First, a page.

If you've read a few posts, you know I'm a bit of a knife freak. Seriously, I need to start making my own knives, I spend way too much money looking for the perfect ones.
Here's a few of my newest purchases, all pretty nice and none of them were over $35:
Left to Right: BladesUSA Throwing Set, Kershaw, Buck ErgoHunter and another Buck
The BladesUSA throwing set I picked up on Amazon for about eight bucks. I just wanted something to play around with without blowing too much money. They are about perfect for a starter throwing knife, cheap, and they seem to throw halfway decently. Downsides? They are a little light, which is good and bad. They don't penetrate very well so you have to have a decent throw for them to stick in the target. As you can guess, the sheath they come with is very cheap but seems to hold all three knives pretty well. They probably won't last long, but for eight bucks, I'm not complaining.
The two Buck knives here really impressed me with the feel of their grip. Both were thick, heavy duty rubber. They feel great in the hand and definitely won't slip, even when wet. This first one, the ErgoHunter is designed for right handed use. In the right hand it is amazingly comfortable. I guess that means if you're left handed it won't feel right. There is also a weird patch of "rough" metal near the base of the blade. I'm not sure if that's for fire starting or what, but it looks odd. Doesn't seem to affect functionality though. The blade is an interesting shape and would probably work well as a skinning knife or for general camp use.
I couldn't find the name of this model on the Buck website. I got it at Cabela's and it's probably my all time favorite general purpose knife. Great blade thickness, it has the same material as the ErgoHunter for the handle but is a much more ambidextrous grip. This is also the knife that was borrowed from me during the Hog hunt to knife one of the hogs. Not to get into too much detail but lets say it was extremely effective. This is my go-to knife for camping and anything outdoors. Not too shabby for $20. If anyone knows which one this is, let me know, I'd love to order another couple of these guys.
Like the previous Buck knife, I couldn't find this Kershaw model on their website. This is a really nice little knife, the kind of thing that would have been perfect for Boyscout camp when my hands were a little smaller. Now, I generally prefer something with a more sizable handle for easier use. Nice steel, good thickness, definitely a quality knife, just wish it had a different handle. It also came with a nice, if not fancy, leather sheath, which is a definite plus in my book. More on this knife later.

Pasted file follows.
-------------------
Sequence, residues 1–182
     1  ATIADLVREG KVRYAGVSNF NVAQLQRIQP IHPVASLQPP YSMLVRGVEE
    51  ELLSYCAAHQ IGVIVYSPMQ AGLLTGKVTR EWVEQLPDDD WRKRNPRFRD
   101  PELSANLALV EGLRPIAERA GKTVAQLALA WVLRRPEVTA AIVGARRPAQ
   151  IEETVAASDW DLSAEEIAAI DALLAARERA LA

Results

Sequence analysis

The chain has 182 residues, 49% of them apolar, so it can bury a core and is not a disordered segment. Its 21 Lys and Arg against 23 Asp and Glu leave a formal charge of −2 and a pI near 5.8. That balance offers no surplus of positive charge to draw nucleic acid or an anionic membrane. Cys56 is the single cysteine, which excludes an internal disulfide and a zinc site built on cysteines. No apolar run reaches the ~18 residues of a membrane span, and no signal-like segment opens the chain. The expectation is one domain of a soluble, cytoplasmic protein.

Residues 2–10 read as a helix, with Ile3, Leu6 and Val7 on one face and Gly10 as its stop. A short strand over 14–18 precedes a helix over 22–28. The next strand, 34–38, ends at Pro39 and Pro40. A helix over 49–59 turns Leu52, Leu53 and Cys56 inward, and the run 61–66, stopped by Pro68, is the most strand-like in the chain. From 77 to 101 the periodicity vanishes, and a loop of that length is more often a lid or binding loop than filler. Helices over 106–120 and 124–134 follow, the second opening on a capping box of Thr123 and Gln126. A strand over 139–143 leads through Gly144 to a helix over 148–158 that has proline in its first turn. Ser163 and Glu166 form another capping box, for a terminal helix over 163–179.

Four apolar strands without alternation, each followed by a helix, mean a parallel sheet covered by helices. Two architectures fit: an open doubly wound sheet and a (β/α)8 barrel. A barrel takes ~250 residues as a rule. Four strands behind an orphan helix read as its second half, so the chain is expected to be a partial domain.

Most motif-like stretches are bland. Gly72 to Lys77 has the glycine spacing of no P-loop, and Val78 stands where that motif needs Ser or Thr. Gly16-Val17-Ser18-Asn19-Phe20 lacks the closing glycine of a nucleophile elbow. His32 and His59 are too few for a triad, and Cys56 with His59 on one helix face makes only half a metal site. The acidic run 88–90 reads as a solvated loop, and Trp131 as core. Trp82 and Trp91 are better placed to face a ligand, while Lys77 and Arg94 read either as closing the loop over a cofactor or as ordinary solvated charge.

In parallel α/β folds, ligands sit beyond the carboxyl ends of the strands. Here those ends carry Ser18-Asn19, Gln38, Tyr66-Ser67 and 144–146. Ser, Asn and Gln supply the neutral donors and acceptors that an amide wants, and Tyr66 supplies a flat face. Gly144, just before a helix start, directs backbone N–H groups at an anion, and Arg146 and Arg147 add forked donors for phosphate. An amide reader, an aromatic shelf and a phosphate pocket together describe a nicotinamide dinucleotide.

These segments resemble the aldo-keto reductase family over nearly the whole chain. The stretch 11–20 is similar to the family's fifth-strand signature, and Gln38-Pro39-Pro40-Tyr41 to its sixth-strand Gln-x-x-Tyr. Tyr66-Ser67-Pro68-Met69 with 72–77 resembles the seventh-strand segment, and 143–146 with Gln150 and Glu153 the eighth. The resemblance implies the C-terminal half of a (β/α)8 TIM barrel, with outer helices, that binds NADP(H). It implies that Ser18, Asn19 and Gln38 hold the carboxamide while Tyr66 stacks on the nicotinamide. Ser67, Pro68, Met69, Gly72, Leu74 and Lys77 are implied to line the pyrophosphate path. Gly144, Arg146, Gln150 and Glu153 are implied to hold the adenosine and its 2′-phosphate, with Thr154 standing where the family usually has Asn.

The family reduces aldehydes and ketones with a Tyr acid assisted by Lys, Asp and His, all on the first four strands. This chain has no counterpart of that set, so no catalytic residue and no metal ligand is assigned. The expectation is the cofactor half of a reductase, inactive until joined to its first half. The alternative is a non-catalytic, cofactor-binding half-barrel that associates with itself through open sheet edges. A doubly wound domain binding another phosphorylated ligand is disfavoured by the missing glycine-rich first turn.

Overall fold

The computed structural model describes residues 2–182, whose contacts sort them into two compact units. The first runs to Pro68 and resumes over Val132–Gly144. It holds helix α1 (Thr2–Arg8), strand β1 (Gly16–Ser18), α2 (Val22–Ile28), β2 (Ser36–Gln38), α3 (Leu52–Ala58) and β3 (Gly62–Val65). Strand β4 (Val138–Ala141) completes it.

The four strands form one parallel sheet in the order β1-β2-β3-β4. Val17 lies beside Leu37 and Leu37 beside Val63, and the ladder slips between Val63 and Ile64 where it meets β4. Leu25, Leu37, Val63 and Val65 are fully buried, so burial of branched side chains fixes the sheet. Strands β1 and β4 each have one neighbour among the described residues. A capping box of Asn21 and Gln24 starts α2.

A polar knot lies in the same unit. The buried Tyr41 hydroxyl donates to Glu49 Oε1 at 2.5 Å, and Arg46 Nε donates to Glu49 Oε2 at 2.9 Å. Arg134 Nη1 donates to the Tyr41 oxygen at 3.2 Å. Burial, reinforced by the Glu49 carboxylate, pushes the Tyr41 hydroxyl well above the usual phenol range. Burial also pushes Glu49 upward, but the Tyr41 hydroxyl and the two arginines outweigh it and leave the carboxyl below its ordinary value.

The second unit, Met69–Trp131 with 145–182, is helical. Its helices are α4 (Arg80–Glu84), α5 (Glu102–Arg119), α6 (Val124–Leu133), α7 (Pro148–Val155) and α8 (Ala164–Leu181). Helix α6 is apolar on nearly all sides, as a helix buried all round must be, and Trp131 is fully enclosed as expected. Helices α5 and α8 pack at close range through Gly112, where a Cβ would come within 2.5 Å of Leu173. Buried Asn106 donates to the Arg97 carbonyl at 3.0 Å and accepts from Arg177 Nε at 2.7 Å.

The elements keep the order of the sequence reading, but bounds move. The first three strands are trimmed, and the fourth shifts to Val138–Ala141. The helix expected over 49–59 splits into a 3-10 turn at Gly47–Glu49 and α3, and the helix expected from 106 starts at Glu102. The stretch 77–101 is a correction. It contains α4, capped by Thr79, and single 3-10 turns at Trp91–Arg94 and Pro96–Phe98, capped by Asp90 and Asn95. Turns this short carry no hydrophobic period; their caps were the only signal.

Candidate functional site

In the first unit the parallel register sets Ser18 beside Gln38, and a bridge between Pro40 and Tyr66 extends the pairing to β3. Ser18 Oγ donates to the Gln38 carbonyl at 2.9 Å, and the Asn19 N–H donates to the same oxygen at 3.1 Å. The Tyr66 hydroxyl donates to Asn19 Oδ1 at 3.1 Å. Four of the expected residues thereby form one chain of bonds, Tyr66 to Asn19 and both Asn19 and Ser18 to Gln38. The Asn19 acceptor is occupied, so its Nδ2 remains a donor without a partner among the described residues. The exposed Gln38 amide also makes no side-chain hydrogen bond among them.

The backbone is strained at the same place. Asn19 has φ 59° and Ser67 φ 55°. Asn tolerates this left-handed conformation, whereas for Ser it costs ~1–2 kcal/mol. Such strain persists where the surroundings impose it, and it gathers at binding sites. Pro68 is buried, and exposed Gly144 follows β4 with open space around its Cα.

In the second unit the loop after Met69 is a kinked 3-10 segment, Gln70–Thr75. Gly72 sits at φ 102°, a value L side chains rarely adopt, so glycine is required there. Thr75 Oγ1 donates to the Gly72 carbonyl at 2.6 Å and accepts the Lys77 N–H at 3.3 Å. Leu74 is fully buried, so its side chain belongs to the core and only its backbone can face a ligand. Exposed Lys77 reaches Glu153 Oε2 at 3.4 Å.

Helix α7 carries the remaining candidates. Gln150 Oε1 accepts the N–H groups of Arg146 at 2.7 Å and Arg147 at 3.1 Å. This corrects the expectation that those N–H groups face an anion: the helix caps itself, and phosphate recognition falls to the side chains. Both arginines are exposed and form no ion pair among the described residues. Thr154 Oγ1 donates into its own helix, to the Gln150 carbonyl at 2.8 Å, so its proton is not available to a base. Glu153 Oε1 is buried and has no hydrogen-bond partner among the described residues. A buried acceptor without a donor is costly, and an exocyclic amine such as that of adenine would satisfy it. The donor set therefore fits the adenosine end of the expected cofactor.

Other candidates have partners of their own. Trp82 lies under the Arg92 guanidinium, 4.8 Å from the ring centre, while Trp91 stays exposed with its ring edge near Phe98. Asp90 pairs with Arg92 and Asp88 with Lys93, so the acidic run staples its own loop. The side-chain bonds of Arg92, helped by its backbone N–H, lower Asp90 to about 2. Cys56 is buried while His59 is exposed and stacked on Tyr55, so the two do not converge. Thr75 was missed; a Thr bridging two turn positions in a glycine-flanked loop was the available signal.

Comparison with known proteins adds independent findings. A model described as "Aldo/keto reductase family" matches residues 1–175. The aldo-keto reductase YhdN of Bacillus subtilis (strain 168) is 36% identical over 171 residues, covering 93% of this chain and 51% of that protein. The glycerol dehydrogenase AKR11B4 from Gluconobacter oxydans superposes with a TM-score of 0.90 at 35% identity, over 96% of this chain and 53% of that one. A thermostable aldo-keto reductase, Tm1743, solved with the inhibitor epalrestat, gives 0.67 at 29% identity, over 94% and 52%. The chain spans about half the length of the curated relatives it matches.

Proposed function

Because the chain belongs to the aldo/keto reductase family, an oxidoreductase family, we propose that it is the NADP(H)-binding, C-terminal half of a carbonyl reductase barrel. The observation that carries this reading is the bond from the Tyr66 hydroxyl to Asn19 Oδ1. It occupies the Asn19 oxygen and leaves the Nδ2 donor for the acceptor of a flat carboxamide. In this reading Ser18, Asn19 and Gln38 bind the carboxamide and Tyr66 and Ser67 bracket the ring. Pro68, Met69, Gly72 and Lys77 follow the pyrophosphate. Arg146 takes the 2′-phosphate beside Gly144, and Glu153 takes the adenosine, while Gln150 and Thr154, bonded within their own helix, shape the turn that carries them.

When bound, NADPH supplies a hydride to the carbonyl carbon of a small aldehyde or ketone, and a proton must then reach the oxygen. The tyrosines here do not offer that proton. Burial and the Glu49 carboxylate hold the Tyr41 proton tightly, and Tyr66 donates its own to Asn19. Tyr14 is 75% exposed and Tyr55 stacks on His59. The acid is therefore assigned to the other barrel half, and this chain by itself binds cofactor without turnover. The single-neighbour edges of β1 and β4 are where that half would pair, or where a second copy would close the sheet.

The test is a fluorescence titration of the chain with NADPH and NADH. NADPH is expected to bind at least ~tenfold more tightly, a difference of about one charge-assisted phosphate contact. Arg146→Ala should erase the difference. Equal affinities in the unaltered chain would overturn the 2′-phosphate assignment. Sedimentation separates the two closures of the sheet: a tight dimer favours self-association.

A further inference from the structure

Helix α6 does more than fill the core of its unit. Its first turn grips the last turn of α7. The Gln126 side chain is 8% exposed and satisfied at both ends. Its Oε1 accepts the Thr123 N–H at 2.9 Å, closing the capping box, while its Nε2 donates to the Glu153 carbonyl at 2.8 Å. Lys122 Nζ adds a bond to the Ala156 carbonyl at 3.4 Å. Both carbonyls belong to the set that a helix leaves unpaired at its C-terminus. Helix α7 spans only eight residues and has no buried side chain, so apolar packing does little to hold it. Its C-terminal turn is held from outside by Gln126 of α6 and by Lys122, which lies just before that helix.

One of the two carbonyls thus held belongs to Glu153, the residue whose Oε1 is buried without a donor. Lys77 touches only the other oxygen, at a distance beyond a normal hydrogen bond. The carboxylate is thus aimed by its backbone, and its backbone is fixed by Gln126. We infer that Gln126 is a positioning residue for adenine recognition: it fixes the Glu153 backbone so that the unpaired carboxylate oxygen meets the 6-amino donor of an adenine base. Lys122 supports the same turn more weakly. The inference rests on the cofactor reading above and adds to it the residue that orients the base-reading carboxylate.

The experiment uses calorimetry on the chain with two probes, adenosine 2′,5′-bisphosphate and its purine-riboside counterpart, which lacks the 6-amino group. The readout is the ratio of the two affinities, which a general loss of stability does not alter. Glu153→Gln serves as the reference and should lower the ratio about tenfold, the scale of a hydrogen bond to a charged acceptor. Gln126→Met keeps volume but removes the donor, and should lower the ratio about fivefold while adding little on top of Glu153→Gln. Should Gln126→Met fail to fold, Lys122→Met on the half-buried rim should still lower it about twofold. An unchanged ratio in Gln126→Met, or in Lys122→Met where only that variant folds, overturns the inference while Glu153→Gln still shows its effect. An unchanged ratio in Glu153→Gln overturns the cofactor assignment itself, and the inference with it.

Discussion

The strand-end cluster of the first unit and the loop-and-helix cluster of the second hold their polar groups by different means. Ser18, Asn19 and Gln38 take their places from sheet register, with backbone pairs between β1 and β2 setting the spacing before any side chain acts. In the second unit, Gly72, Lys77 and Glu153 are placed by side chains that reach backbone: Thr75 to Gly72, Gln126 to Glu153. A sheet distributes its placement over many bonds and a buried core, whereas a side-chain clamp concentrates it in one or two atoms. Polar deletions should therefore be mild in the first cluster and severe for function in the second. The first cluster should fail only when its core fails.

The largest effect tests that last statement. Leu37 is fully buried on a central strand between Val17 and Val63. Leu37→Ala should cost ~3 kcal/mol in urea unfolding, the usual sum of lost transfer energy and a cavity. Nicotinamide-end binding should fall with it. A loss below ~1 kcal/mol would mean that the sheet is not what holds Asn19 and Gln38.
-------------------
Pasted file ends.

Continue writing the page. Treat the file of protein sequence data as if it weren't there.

As usual, I'm very critical of knife sheaths. Most manufacturers tend to skimp when it comes to how the knife is carried. However, I'm pleased to say that both Bucks and the Kershaw came with very durable, practical, if not particularly pretty sheaths. All hold the knives securely, will fit comfortably on a belt, and yet easily release the knife when needed. The Buck sheaths are some kind of thick canvas fabric with formed plastic sleeves for the actual blade inside. My only complaint would be that sometimes the blades rattle against the plastic when moving around. The Kershaw, as mentioned earlier, has an effective, all leather sheath.
Now for the fun part.
I recently purchased the Gil Hibbens book on knife throwing (also from Amazon, purchased at the same time as the BladesUSA throwing set). Well, it's more of a pamphlet than a book, but it had a couple interesting passages and a few good tips. I would consider it a pretty basic introduction to the concepts of knife throwing, if you already know the basics than I would recommend getting something a little more indepth. I had purchased the above BladesUSA throwing knives so that I wouldn't ding up any of my nicer knives learning to throw them around.
One of the things in the pamphlet that caught my eye was when the author mentioned that lots of knives can be used for throwing. I had always thought that a knife needed to have some special balance or something, but I guess it doesn't need to be that specific. He had lots of examples, many of which I never would have considered throwing... folding knives, fighting knives (Kabar, who woulda thought?), hunting knives, etc. So, of course, I got out my extensive collection of knives and tried throwing them all. Bwuuuuhuuuhahahahaaa!!! I was surprised at how many of them actually worked pretty well.
Yes, that's the Kershaw stuck in the zombie's neck. I told you I would mention it again. Obviously, the knives designed for throwing were the easiest, but the Kershaw threw as well or better than the BladesUSA. Neither Buck did too bad, which surprised me because they have such large handles. Kind of fun throwing a knife that heavy into a faux Zombie. Almost makes me feel sorry for him. Almost. The Kershaw seriously impressed me though, it might not be my favorite camp knife but it's definitely my favorite throwing knife.
For survival purposes, I'm not entirely sure how practical it is to throw one of your primary tools. In most situations it would make far more sense to make a throwing stick or something similar. However, if you ever thought it might be fun to throw around your knives... you're right. It's a ****ing blast! You definitely need the zombie target though, it just adds the right ambiance.